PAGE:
To promote conversations between our researchers and beyond our department, we have created working groups  that address central theoretical questions emerging from the volatile fields of human action we study. 

Members of this working group are interested in the material and semiotic enactment of political assembly, starting with key modes such as the people, the population, the crowd, and the public. We respond to the significant ways in which an emphasis on collectivity has defined political life in recent times – resurgent “populisms”, mobilizations around racist violence and environmental catastrophe, illiberal democracies, religious revivalisms. But we also take up these concerns in light of long-standing debates in social and political theory over the puzzle and pressure of the collective, among them arguments about sovereignty and popular will, charisma and authority, and the very possibility of meaningful representation. Our inquiries explore the conceptually distinct but practically intertwined and temporally recursive relations at four key points of focus which cross diverse sites and scales: mehr
Utopian thinking has gained urgency in the face of global crises. If there ever was an end to history, utopian and dystopian visions animate the present as aspiration, critique, and embodied practice. This working group uses the notion of lived utopias to attend to the ways such visions are anchored in and shape the present. The utopias we investigate “live” through concrete imaginations, arrangements, technologies, embodiments, and everyday practices that seek to enact radically different lives and worlds. Lived utopias provide a prism for making sense of the contemporary. From a variety of empirical angles, we document how utopian projects of more-than-human and human actors anticipate and realize change. We attend to the ways situated actors experiment with and struggle to live utopias, and how they succeed and fail in their attempts – how they implement their aspirations, seed futures, and counteract dystopias and nightmares. mehr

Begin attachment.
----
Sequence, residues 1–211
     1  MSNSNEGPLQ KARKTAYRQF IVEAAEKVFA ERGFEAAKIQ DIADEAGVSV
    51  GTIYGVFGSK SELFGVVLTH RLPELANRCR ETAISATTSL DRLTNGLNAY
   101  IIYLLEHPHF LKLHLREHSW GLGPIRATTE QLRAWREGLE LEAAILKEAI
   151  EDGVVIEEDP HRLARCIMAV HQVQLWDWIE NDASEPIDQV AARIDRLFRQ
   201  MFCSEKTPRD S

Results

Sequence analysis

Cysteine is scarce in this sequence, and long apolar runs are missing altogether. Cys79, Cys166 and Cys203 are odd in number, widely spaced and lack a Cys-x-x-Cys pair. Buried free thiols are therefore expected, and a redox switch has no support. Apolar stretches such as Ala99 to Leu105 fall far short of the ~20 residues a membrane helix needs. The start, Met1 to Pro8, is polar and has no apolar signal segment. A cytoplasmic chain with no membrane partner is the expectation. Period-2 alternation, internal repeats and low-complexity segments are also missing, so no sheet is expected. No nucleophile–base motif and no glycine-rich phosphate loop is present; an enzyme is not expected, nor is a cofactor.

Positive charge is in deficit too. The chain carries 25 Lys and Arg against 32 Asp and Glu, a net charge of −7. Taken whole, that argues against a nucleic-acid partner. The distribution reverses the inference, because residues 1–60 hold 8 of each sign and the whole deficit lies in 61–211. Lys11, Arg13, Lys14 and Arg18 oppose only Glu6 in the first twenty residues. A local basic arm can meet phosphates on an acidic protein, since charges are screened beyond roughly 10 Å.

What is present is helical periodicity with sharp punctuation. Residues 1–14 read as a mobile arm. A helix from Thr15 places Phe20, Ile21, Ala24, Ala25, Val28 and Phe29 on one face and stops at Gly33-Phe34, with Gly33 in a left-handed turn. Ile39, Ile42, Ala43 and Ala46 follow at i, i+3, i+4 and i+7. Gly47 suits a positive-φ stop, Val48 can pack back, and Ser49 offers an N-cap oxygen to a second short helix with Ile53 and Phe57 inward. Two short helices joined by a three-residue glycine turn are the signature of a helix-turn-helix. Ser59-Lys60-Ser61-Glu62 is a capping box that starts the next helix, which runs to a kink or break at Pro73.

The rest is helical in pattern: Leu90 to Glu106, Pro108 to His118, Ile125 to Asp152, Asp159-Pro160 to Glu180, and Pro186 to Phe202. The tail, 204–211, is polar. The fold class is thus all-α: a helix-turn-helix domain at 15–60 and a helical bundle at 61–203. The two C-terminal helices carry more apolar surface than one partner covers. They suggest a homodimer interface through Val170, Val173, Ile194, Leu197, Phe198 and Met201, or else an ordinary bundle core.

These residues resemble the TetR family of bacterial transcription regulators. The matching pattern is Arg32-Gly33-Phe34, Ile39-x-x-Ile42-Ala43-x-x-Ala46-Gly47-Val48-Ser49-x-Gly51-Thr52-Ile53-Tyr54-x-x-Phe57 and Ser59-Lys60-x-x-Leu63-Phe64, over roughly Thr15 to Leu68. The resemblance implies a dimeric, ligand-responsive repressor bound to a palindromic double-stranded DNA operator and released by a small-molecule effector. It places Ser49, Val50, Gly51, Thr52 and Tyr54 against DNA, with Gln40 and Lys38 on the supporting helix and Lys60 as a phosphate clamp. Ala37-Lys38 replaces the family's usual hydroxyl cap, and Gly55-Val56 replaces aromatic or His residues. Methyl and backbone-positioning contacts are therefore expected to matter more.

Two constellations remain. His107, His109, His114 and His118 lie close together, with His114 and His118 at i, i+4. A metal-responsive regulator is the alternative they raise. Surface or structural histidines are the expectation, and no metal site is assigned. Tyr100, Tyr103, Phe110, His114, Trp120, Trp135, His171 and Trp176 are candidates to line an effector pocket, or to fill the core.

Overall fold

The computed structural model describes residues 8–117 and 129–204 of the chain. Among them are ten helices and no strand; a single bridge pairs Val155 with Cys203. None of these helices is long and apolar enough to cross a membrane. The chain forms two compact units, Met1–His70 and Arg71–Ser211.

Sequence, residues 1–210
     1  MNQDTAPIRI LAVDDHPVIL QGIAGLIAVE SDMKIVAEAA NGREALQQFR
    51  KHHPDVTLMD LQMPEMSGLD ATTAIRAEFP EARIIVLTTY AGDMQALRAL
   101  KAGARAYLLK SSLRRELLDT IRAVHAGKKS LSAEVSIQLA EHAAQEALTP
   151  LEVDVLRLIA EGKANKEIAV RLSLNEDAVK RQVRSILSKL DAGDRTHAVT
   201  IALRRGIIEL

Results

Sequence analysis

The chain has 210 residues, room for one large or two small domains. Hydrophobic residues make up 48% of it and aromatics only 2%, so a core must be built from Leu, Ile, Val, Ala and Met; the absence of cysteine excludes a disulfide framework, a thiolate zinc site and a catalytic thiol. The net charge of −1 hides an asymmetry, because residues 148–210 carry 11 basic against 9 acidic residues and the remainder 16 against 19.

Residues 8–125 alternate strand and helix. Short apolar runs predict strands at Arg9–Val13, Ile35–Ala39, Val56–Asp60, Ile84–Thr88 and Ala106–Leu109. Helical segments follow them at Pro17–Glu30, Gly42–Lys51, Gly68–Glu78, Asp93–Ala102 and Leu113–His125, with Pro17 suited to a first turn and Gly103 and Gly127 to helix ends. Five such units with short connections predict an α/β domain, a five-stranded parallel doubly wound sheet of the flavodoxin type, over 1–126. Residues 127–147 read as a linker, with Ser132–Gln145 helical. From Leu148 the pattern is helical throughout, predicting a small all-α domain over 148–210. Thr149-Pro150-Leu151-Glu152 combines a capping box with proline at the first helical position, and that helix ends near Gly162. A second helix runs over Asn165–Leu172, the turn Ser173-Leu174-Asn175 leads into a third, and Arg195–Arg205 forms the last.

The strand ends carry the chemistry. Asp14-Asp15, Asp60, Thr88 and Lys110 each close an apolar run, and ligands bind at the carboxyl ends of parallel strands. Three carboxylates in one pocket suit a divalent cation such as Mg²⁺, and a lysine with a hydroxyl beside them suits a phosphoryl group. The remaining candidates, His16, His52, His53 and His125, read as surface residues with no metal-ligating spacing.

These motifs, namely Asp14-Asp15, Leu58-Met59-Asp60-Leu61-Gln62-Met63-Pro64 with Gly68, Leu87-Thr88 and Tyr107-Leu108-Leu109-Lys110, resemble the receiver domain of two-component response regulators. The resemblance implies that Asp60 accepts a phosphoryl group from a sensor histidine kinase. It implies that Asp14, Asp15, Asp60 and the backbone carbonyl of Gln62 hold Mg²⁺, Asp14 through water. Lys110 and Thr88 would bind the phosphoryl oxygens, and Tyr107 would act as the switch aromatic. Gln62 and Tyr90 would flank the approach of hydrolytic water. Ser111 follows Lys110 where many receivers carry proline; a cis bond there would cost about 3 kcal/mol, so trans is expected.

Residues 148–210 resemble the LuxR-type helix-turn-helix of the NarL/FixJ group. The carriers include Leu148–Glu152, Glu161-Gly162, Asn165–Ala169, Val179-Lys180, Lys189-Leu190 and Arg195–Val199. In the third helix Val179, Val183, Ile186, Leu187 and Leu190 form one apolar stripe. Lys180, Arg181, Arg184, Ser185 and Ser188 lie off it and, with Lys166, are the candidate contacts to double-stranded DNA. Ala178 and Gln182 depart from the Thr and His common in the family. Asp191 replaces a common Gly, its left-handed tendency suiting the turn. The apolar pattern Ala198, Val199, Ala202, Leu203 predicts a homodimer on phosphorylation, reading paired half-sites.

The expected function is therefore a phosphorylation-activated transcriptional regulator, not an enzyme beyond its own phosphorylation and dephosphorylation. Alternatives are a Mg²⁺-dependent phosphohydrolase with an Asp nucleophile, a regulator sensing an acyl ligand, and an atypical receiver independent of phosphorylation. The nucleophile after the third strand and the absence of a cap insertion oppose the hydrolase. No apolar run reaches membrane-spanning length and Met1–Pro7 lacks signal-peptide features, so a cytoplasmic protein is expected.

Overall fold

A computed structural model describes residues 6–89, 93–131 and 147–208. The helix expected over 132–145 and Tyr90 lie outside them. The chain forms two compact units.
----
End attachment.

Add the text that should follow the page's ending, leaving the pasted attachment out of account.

Members of this working group are interested in enactments and contestations of universality within and through the sciences in a post-colonial world. We train our analysis on universality in science as an ideology, an aspiration, and a social fact. How does science count as science, and which science counts? We attend to the critique of science – for example through decolonizing and feminist approaches – and also to science as critique. We begin by engaging with the ways in which science as a form of knowledge and practice becomes crucial for (re)imagining and producing lives and worlds in specific socio-political contexts. By following the work of scientists from fields as varied as astronomy, psychiatry, genetics, field biology, and artificial intelligence, we investigate processes of localization as well as various forms of political mobilization with, for, and against science. In analysing the universality of science, we aim to explore the possibilities of “critique” in and of the sciences today. While our focus is on the natural sciences, our discussion may lead us to break open the dichotomy of the sciences and humanities, also by reflecting on our own situated positionalities. mehr
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